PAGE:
[swift-evolution] General take on "special" code in Swift

Chris Lattner clattner at apple.com
Fri Dec 4 17:25:44 CST 2015

> On Dec 3, 2015, at 11:21 PM, Timothy Wood <tjw at omnigroup.com> wrote:
> First off, thanks for all the hard work in putting together an in-depth release and open community infrastructure!
> Looking through the Swift sources briefly, I’m noticing various constructs that aren’t documented, idiomatic Swift, or even Swift at all. This isn’t super surprising for various mostly obvious reasons. But, one particular example that caught my attention is in swift/util/gyb.py ("GYB: Generate Your Boilerplate”), and all the .gyb files scattered around.
> One of the various Apple Swift tutorial/reference PDFs had the canonical maligning of the C preprocessor (warranted, but yet it is a powerful and useful tool), and yet here is the Swift standard library using a preprocessor of another sort.
> For this specific case, I could ask for some magical hygienic macro support, with full debugger support, autocompletion, and puppies (which would be great!), but the more general question is whether the Swift team feels like this dichotomy is OK, or whether it just (a ton of) work that is left to do? Should it be the case that the standard library, Foundation, testing frameworks, and such are almost entirely idiomatic Swift code (even if they are using advanced features)?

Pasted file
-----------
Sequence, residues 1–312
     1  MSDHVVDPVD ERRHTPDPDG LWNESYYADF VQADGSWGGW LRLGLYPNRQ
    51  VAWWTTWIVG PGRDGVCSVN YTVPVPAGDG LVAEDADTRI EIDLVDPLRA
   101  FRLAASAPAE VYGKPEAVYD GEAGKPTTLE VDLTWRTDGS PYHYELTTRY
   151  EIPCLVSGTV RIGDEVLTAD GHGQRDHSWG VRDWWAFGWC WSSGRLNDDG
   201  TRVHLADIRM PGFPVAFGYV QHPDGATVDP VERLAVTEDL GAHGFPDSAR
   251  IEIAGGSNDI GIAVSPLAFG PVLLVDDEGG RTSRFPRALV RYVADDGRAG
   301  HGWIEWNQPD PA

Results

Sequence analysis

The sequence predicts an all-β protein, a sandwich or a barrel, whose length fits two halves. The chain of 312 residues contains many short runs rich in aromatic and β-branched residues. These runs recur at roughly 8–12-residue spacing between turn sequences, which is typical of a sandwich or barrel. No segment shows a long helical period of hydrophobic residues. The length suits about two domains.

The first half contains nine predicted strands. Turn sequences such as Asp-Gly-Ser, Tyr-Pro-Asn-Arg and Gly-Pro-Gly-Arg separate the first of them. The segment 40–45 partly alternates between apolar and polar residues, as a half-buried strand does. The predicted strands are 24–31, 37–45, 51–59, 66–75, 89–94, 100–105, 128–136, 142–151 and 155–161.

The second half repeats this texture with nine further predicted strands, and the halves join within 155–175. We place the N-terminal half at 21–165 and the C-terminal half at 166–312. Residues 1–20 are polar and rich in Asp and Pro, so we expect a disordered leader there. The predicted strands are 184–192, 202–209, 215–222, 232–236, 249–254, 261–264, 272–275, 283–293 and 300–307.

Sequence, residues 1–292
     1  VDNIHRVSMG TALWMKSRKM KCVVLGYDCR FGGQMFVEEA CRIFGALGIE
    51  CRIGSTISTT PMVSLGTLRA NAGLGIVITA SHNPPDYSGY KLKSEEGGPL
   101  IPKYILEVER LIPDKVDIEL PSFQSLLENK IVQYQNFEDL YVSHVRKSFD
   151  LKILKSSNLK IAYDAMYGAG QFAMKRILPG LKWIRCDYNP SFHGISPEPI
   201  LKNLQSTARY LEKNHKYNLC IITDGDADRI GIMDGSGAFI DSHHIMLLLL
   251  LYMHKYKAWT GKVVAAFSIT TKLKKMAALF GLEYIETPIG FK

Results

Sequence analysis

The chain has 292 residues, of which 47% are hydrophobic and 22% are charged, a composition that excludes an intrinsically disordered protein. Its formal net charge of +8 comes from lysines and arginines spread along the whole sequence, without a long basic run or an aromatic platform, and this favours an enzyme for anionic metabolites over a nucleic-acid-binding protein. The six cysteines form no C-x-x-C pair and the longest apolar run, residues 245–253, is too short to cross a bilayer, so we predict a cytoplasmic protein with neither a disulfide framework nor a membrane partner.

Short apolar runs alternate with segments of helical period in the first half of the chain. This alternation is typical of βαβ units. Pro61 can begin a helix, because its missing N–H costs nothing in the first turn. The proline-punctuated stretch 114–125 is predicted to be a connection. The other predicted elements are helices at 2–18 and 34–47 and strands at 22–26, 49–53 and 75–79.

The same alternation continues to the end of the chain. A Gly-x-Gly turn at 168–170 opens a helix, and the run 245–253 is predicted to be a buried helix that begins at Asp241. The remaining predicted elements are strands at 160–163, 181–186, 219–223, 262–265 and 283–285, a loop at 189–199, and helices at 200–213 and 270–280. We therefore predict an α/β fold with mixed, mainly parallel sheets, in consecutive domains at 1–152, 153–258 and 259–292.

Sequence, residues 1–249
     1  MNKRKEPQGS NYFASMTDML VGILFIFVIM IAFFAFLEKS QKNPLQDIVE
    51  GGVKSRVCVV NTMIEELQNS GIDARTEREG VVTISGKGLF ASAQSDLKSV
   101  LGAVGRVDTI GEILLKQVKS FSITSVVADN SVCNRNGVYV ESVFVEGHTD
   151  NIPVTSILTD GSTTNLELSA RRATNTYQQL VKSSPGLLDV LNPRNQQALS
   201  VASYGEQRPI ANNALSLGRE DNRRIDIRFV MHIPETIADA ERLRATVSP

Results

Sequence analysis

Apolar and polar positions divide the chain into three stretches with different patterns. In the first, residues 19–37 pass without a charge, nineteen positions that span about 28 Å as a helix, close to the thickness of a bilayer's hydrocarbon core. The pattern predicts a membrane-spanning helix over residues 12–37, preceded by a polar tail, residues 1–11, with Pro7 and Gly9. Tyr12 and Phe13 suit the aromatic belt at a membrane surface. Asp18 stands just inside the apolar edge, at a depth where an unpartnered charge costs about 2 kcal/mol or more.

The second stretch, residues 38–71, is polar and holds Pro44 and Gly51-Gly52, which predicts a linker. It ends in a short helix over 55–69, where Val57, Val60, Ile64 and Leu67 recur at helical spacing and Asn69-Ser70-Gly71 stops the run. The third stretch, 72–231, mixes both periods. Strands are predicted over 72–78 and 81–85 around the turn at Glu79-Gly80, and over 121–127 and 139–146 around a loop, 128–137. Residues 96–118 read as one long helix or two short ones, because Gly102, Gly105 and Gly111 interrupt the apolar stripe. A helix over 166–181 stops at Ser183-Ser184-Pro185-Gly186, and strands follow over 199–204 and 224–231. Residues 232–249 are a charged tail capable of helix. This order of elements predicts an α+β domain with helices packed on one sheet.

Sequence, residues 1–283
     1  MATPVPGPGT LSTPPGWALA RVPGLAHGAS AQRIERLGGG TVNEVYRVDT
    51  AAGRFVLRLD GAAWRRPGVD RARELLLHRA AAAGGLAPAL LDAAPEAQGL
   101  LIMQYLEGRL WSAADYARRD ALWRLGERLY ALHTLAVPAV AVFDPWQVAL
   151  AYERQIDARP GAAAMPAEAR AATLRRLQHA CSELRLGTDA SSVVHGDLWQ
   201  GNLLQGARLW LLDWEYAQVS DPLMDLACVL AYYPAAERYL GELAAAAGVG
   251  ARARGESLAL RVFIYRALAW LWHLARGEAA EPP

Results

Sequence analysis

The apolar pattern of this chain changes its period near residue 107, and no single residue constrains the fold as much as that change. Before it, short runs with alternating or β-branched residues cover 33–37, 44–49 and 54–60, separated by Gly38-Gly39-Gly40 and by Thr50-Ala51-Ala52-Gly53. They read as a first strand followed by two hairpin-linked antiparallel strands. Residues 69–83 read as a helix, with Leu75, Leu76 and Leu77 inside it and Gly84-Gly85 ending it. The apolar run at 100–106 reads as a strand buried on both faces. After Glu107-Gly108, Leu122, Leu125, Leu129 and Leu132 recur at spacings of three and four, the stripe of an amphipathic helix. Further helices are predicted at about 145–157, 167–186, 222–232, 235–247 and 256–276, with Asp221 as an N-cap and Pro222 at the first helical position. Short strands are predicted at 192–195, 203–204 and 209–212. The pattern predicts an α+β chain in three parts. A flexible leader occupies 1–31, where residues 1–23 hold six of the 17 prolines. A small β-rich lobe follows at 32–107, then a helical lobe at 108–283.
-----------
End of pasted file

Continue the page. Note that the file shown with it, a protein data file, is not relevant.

This is a better question for swift-dev than swift-evolution, but…

IMO, “gyb” is a pragmatic but unfortunate tool.  It fills the same space as the underscored protocols in the standard library: it allows us to ship a product that is useful, but they are both far from ideal.  The _ protocols were generally forced by some limitations in the generics system and other parts of the compiler.  GYB is needed by those, but also by the fact that we don’t have a hygienic macro system (we certainly won’t have a macro system in Swift 3, but could consider it after that).

The good news is that the need for these things is being reduced as Swift improves.


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